In order to address its rapidly aging society, the Japanese government has enacted a variety of measures since the start of the millennium, mostly related to the health care system. A more pressing matter is housing, since so many elderly people will be living on their own compared to the past when extended families more commonly lived together. In this regard, the authorities have lagged behind their counterparts in other developed countries, where the idea of nursing homes and other specialized residences for seniors have been available for decades.

It wasn’t until 2000, when the kaigo hoken (nursing-care insurance) law was passed, that the government took a real interest in nursing homes. As part of the law, the central government provided assistance to startup businesses in the field of senior care, including the construction of facilities. As a result, nursing homes became a growth business, and as with all new endeavors there were many problems the authorities didn’t sufficiently plan for, including high-profile scandals involving false financial reporting for licensing purposes, as well as safety problems, such as the fire that killed 10 residents in a Gunma Prefecture nursing home in 2009. Because of its small size, that facility was not required by law to have sprinklers or even fire alarms.

Japan has hundreds of these small nursing homes, most of them built in the past 15 years, which take advantage of cheap land in remote areas. Local governments in more populous regions often transfer seniors with low incomes to these nursing homes because the ones in their jurisdictions don’t have enough room. This means those seniors are being forced to relocate to unfamiliar places because they can’t afford care where they live.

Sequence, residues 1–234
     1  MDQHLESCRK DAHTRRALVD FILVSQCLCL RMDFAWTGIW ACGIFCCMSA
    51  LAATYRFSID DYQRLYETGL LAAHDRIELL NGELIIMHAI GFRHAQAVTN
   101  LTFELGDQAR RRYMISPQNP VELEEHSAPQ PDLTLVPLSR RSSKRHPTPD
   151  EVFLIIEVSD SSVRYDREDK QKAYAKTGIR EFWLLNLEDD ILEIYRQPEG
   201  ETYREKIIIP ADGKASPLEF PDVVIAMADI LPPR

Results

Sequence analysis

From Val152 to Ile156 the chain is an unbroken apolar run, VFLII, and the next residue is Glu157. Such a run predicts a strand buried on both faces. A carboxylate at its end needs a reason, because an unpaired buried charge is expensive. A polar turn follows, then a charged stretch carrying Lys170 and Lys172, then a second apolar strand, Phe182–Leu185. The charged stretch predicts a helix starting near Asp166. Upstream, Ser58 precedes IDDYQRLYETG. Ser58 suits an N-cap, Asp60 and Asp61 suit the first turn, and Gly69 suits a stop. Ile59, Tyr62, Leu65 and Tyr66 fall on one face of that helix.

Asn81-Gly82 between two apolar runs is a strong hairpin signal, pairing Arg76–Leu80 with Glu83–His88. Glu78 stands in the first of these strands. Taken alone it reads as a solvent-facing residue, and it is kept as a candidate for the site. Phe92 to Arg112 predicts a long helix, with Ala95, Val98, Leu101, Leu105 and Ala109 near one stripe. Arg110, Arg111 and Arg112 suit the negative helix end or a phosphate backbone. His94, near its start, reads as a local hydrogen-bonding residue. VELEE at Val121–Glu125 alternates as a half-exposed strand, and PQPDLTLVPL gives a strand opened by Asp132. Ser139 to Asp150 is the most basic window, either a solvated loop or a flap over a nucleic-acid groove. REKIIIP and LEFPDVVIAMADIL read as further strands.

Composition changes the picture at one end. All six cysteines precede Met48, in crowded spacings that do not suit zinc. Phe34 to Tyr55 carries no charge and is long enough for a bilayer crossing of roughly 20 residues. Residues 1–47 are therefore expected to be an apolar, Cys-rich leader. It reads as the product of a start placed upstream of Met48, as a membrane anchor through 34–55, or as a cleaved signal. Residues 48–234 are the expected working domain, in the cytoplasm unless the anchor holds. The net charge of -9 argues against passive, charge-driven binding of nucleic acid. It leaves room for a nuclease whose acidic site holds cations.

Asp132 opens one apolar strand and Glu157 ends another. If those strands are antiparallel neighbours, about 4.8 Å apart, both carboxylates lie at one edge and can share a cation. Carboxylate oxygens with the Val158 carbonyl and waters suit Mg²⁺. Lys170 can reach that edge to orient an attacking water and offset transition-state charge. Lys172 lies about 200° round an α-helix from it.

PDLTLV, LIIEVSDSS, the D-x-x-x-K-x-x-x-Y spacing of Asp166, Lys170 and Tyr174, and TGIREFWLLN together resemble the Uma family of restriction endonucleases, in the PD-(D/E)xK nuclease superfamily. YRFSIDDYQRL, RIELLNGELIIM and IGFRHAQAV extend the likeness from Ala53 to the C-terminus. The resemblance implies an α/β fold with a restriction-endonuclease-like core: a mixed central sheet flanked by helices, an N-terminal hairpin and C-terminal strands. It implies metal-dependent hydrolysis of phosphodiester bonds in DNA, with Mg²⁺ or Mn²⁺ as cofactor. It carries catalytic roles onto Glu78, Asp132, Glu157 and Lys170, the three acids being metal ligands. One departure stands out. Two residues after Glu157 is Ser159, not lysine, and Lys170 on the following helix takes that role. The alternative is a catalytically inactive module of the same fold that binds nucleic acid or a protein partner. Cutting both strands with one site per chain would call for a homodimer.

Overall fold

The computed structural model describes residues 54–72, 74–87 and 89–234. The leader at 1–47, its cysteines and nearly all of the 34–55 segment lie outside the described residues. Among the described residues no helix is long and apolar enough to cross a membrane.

Matters have improved in recent years, but the system remains complicated. As with all lifestyle-related transactions, the more money you have to begin with, the more numerous your options. Private nursing homes in large cities and suburbs are open to anyone who can pay for them, but the price can be high. Often there is a nyūkyokin (moving-in fee) that can be anywhere from ¥5 million to ¥100 million. These fees are treated as a kind of deposit. A portion, up to 20 percent, is automatically taken when the new resident signs a contract, and over the years the rest of the fee is treated as depreciation, depending on the kind of contract. If the resident leaves the facility, an amount proportionate to the period of residence is retained and the remainder returned to the individual, but in most cases “leaving” means dying, in which case the balance goes to the person’s heirs.

The resident should read the contract carefully, because in some cases he or she does not have a right to remain in the facility if its owners go bankrupt. Also, in recent years more of these retirement homes are not charging any moving-in fees because more seniors are refusing to pay them, but in such cases monthly rent is higher.

Units in such facilities can range from a simple bedroom to a full apartment with bathroom and kitchen, and meals are optional. Then there’s the matter of “care,” which is charged according to needs. The monthly rent increases considerably depending on the resident’s health. Since every person above a certain age can take advantage of the nursing-care insurance system, even residents of expensive nursing homes receive payments that will go to their care depending on their grade of health as assessed by the local government.

Obviously, money can be made from such facilities, and an increasing number of foreign-investment funds are buying up existing nursing homes in Japan. In addition, many established companies, such as the restaurant chain Watami and the semi-public national housing-corporation, UR, are getting into the “old-people’s home” business. Growth is considered an almost sure thing, since the baby-boom generation is approaching 70, and retirement condos are one of the few excellent residential real estate investments in Japan. The value of a retirement condo in or around a major city is almost guaranteed to go up over time.